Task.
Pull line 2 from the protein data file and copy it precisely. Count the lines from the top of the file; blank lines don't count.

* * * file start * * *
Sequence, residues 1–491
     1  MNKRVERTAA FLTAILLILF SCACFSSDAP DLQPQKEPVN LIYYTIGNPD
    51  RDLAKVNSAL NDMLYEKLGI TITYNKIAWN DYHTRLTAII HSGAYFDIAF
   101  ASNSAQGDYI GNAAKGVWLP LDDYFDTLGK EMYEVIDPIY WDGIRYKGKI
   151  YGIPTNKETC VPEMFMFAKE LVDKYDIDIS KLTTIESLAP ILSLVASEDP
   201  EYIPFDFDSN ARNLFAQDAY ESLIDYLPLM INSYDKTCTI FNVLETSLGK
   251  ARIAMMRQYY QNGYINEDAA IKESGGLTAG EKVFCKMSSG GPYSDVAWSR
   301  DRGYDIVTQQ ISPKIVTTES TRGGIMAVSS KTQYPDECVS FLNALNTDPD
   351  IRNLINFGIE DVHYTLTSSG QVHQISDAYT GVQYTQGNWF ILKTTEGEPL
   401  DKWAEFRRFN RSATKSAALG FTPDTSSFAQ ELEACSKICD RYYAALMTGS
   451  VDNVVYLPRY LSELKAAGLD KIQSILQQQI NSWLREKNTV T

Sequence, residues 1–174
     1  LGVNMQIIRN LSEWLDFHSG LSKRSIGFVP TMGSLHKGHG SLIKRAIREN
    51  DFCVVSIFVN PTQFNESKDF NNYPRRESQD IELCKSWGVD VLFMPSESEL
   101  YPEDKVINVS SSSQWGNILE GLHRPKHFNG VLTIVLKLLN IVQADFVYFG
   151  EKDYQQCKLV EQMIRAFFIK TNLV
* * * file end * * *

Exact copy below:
     1  MNKRVERTAA FLTAILLILF SCACFSSDAP DLQPQKEPVN LIYYTIGNPD